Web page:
Exploring the working lives of professionals in the field of childhood abuse: an examination of stress, burnout, psychological distress and coping
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MSc in Applied Psychology
Dublin Business School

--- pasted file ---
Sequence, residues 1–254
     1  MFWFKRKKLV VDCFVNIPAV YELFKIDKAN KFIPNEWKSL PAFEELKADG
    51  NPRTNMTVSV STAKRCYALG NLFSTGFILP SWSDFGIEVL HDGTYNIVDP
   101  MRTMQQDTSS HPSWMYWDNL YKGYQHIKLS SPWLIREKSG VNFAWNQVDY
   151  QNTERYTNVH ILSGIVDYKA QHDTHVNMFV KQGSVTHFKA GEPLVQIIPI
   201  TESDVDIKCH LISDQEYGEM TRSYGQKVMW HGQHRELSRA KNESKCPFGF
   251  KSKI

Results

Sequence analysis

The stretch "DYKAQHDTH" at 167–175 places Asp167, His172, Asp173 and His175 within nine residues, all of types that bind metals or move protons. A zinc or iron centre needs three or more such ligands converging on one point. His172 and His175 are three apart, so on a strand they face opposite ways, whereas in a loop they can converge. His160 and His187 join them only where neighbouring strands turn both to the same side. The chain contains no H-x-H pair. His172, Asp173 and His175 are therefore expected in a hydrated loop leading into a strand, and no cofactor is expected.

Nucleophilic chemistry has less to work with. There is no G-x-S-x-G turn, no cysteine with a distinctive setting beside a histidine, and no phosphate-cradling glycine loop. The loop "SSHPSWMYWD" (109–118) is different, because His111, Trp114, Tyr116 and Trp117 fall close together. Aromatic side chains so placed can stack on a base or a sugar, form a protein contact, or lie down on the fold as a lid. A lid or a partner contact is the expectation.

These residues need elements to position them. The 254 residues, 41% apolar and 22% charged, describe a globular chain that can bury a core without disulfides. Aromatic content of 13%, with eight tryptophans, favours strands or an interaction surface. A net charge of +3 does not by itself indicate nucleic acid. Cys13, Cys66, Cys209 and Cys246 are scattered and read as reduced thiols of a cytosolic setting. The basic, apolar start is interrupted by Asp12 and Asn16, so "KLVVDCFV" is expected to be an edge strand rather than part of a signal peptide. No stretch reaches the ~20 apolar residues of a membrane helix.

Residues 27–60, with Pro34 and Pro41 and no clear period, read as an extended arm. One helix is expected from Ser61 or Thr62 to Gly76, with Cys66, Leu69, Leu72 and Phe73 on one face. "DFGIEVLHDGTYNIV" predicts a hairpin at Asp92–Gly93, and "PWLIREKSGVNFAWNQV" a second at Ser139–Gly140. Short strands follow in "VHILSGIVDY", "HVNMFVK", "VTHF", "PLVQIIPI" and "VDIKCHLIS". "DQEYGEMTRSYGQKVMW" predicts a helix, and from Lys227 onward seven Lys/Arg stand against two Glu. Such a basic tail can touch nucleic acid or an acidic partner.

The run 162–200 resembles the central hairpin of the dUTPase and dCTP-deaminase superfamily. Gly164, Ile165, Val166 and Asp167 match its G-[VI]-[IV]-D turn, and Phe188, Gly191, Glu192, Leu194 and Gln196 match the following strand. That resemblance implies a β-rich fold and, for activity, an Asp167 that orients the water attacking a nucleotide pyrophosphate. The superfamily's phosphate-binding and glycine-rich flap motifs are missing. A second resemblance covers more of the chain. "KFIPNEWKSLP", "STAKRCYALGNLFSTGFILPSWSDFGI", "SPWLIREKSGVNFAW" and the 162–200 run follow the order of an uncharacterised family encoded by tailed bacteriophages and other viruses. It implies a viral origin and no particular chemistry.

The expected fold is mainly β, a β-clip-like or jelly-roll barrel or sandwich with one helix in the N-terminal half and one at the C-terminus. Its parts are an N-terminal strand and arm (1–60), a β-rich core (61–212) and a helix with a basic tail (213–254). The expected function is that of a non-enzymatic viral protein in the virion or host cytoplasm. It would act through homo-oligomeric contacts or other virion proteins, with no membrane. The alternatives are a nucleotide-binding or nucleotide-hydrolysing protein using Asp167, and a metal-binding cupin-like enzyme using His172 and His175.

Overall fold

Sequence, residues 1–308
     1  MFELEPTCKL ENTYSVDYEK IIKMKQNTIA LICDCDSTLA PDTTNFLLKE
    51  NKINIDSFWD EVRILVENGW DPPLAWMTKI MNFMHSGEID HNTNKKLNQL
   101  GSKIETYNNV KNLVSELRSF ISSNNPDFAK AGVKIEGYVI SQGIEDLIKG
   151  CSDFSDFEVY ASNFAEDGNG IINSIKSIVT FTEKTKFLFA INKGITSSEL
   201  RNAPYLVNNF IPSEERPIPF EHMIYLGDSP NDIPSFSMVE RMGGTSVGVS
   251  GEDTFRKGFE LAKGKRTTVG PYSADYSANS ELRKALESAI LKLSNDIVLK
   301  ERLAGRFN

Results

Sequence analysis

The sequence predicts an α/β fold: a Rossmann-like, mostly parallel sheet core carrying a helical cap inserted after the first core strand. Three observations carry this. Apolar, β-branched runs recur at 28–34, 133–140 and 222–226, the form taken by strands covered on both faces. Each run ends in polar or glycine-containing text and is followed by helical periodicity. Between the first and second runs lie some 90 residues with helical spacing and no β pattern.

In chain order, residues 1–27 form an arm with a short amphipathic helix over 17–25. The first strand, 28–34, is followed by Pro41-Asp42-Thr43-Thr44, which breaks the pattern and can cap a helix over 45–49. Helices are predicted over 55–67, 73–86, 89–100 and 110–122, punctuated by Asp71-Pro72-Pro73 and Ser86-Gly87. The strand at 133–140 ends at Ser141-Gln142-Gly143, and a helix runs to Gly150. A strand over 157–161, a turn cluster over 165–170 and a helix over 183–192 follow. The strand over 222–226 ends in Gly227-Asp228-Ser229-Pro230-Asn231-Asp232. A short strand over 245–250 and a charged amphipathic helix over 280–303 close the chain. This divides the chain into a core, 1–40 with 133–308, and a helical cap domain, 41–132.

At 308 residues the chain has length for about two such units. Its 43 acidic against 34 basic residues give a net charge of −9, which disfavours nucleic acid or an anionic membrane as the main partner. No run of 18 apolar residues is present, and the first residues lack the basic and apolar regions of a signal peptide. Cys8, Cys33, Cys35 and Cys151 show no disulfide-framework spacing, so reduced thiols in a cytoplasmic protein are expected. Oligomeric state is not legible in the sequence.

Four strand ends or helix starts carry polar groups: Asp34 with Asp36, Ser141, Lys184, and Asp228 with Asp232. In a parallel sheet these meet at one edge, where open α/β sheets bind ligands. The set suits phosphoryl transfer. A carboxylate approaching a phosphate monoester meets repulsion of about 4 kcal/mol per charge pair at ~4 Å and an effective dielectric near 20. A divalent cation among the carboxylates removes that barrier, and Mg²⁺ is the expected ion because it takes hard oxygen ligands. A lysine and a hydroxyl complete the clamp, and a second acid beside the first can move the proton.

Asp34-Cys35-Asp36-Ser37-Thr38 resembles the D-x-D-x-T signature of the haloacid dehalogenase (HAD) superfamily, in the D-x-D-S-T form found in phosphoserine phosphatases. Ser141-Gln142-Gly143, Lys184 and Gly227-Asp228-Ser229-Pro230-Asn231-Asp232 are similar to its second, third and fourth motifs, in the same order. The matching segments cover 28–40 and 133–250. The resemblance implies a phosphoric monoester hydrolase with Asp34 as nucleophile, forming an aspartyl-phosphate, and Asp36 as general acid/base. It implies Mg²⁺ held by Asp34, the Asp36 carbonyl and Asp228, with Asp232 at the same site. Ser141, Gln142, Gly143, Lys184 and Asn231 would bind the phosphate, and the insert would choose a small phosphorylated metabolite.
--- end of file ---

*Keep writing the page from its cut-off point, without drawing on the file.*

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The aim of this study was to examine the variables stress, burnout, psychological distress and coping strategies in professionals in the field of childhood abuse. The professionals used in this study were social workers and therapists. The phrase therapist was used interchangeably with other phrases such as psychologist. This study was a mixed method design using both qualitative and quantitative methods of analysis. 54 (N=54) participants (F=33, M=21) were recruited to fill out an electronic questionnaire, and three interviews with professionals also occurred. Mann-Whitney U tests, Kruskal-Wallis tests were conducted to look at differences between the two groups on stress, burnout, psychological distress and coping strategies but results were not found to be significant. A multiple regression was used to test the correlation between emotional coping, active coping, stress and burnout. This result was found to be significant. Thematic analysis was used to discover themes among the transcripts of the interviews such as supervision and support. Author keywords: Social workers, therapists, stress, burnout, psychological distress, coping, support and training